A Border Sheriff And The Border Wall: How Southern Arizona Has Changed Over The Last 10 Presidents
Arizona’s only Latino sheriff was born in Mexico and raised on the U.S border. He will retire at the end of the year. And no part of the border county that’s elected him seven times has changed as drastically as the border wall dividing the region from Mexico.
When Sheriff Tony Estrada started as a street cop in Nogales in 1966, American border enforcement in the small town largely hinged on local crime transpiring across a chain link fence.
"Women that would shoplift. Men that would shoplift. Small amounts. There really weren't big players at that time," he said.
President Lyndon B. Johnson had only signed the 1965 immigration bill that reunited immigrant families and drew skilled workers a few months before, promising:
"This bill says simply that from this day forward those wishing to immigrate to America shall be admitted on the basis of their skills and their close relationships to those already here."
A newspaper archive from the era describes a 3,700-foot-long chain link fence that was erected in what’s now the ghost town of nearby Lochiel. It was seven feet high and topped with barbed wire.
"Things were a lot different. The drug scene was a lot different. The crime scene in the urban area was wide open for people to come across the border," Estrada said.
By the 1970s, Nogales had started evolving into a corridor for larger amounts of drugs, mostly marijuana as U.S. president Richard Nixon declared a war on drugs.
"America’s public enemy No. 1 in the United States is drug abuse. In order to fight and defeat this enemy it is necessary to wage a new all out offensive," Nixon promised.
"In the 1970s, sometimes the federal government said, you got them, you keep them. So all of a sudden, we were filling the jails, we were filling the court calendars and we were spending money," Estrada said.
Estrada first took office in 1993, the same year President Bill Clinton signed the North American Free Trade Agreement and increased border security.
In his 1995 State of the Union, Clinton vowed to hire more border agents. And the first M8A1 matting, relics of the landing mat platforms used in the Vietnam War arrived in Nogales.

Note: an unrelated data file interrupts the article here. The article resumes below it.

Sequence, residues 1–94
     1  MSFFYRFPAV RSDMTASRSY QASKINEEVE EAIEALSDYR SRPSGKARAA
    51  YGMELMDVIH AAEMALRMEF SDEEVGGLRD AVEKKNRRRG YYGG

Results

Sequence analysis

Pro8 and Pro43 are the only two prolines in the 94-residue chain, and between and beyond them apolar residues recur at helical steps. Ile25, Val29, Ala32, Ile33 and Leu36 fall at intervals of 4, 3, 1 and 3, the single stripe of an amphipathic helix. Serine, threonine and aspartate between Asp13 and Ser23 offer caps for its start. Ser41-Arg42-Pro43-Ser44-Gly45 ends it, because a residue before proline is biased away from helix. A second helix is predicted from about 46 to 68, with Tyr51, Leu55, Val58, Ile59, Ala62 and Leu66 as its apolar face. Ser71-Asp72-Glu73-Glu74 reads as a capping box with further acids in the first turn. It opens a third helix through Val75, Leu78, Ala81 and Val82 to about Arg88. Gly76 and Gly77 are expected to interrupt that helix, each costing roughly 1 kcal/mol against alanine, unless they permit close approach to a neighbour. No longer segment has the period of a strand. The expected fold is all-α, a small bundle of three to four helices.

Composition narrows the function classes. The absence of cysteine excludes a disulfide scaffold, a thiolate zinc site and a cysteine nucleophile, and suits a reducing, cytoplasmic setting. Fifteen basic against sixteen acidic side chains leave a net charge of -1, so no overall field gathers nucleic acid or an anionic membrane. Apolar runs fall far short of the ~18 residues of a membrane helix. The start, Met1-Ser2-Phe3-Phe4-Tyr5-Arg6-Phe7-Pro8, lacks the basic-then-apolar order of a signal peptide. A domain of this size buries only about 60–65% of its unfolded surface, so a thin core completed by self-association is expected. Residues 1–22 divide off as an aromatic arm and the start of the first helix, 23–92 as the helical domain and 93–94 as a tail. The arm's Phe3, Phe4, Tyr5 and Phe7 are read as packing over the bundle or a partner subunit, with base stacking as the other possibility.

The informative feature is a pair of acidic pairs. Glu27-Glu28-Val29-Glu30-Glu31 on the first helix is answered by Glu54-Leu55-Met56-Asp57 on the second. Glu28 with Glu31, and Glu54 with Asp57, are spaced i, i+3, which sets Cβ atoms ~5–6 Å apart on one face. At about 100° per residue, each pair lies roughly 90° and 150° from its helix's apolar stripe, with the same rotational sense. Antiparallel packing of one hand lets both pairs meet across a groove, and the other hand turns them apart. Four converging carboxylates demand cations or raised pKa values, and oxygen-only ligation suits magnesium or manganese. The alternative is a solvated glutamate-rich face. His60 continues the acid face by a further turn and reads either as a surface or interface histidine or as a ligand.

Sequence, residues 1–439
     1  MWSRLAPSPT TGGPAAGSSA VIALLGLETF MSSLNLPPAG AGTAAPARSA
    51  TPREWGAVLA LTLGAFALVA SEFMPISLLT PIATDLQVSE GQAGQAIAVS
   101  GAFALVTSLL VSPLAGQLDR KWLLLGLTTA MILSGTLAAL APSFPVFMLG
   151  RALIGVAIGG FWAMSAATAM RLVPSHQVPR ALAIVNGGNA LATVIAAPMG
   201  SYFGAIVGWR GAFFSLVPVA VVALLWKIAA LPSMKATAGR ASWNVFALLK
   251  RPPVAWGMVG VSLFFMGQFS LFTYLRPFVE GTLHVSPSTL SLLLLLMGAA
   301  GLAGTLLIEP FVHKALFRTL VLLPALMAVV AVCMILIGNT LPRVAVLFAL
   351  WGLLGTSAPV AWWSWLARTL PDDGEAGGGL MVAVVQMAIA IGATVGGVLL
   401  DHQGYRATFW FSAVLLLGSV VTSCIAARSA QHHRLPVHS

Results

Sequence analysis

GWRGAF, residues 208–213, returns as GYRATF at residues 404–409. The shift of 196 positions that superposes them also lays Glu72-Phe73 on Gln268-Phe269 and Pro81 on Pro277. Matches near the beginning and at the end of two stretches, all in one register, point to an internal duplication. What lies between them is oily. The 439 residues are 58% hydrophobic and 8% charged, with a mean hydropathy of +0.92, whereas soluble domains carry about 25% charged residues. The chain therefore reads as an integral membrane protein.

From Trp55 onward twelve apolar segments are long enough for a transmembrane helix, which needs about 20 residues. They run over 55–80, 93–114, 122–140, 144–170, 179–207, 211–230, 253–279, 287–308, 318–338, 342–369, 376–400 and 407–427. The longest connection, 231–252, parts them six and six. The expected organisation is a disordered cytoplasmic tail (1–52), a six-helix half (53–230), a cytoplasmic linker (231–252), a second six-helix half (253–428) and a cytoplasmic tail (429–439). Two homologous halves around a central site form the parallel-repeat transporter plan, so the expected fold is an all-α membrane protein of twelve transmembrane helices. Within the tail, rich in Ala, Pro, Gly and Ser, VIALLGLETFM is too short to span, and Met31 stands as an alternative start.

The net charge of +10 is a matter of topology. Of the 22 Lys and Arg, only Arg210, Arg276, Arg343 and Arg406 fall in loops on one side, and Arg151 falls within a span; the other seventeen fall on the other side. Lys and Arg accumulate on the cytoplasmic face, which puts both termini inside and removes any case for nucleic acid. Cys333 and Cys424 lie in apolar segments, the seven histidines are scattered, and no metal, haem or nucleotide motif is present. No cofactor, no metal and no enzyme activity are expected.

"All Americans, not only in the states most heavily affected but in every place in this country are rightly affected by the large number of illegal aliens entering our country," Clinton warned.
"Steel. In the downtown area. Ugly. i called it the iron curtain because that's what it was. It was an iron curtain that we had down there. The federal government never took into account our relationship. Whether it’d be effective," Estrada said.
And with it a rise in agents and technology. The number of U.S. Border Patrol agents in Nogales and the rest of the country ballooned from about 4,000 when he first took office to 20,000 today.
Estrada credits the agency with reducing crime in the county’s biggest city. But smuggling didn’t stop; he points out that yet another drug tunnel was recently discovered between the two cities.
Ten years ago, the border wall shifted again. First under President George Bush and then under President Barack Obama, the federal government tore down the old landing mats and replaced them with 18 foot high bollards in Nogales. Obama lambasted Congress to produce immigration reform in 2010.
"But our borders are just too vast for us to be able to solve the problem only with fences and border patrols. It won’t work," he said.
Seven years later, President Donald Trump disagreed.
"We need strong barriers and walls. Nothing else is going to work. Everyone knows it," he said during a 2019 speech as the U.S. government was starting to lift out of the longest partial government shutdown in U.S. history over funding for the new border wall.
Estrada criticizes Trump for escalating the border wall beyond anything his predecessors had built.
"They went and put that razor wire," he said.
In late 2018, the U.S. military wrapped the border wall around Nogales in coils of gleaming razor wire, saying it was needed to stop people from climbing over. The wire stretches the length of the existing 180foot-high bollard walls erected along Ambos Nogales.
"You know what, we treat livestock better than we do human beings. We do not put razor wire on livestock," Estrada said.
The outgoing sheriff has spent his last years in office publicly condemning the president’s immigration policies.
So far, the candidates for his seat haven’t been vocal about the federal management inside the southernmost line of Santa Cruz County.